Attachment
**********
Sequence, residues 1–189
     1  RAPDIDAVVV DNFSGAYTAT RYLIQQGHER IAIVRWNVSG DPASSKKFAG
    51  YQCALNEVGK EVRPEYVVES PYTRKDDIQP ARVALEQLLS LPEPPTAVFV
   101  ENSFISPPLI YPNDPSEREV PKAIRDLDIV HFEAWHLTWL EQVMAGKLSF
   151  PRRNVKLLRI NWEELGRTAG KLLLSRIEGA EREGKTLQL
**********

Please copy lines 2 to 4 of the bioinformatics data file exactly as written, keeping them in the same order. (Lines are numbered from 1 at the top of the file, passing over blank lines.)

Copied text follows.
     1  RAPDIDAVVV DNFSGAYTAT RYLIQQGHER IAIVRWNVSG DPASSKKFAG
    51  YQCALNEVGK EVRPEYVVES PYTRKDDIQP ARVALEQLLS LPEPPTAVFV
   101  ENSFISPPLI YPNDPSEREV PKAIRDLDIV HFEAWHLTWL EQVMAGKLSF